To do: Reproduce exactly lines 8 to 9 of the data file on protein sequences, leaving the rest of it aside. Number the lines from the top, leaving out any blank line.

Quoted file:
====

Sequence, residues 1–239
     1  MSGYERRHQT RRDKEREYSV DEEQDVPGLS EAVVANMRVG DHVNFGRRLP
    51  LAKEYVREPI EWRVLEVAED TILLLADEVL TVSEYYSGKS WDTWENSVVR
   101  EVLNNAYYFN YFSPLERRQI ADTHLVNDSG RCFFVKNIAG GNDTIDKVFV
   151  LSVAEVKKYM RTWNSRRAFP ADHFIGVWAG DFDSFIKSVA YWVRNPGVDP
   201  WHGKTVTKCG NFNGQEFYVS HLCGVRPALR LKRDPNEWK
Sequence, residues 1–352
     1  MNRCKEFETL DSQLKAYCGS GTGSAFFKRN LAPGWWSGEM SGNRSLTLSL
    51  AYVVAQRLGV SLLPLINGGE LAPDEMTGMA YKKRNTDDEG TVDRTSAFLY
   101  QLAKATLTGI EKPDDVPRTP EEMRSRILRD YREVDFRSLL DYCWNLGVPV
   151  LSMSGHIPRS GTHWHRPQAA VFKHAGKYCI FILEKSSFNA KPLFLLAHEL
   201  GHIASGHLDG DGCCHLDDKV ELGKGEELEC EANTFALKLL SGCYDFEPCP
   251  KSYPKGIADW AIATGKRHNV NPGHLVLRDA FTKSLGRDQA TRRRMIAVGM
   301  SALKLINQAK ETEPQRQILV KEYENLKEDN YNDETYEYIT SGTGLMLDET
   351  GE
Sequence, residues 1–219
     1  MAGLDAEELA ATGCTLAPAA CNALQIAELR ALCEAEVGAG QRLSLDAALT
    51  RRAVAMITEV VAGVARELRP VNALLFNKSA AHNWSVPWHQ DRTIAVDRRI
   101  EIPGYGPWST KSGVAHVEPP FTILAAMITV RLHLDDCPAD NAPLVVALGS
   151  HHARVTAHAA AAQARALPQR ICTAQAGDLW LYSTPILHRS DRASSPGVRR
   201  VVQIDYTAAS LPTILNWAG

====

     1  MNRCKEFETL DSQLKAYCGS GTGSAFFKRN LAPGWWSGEM SGNRSLTLSL
    51  AYVVAQRLGV SLLPLINGGE LAPDEMTGMA YKKRNTDDEG TVDRTSAFLY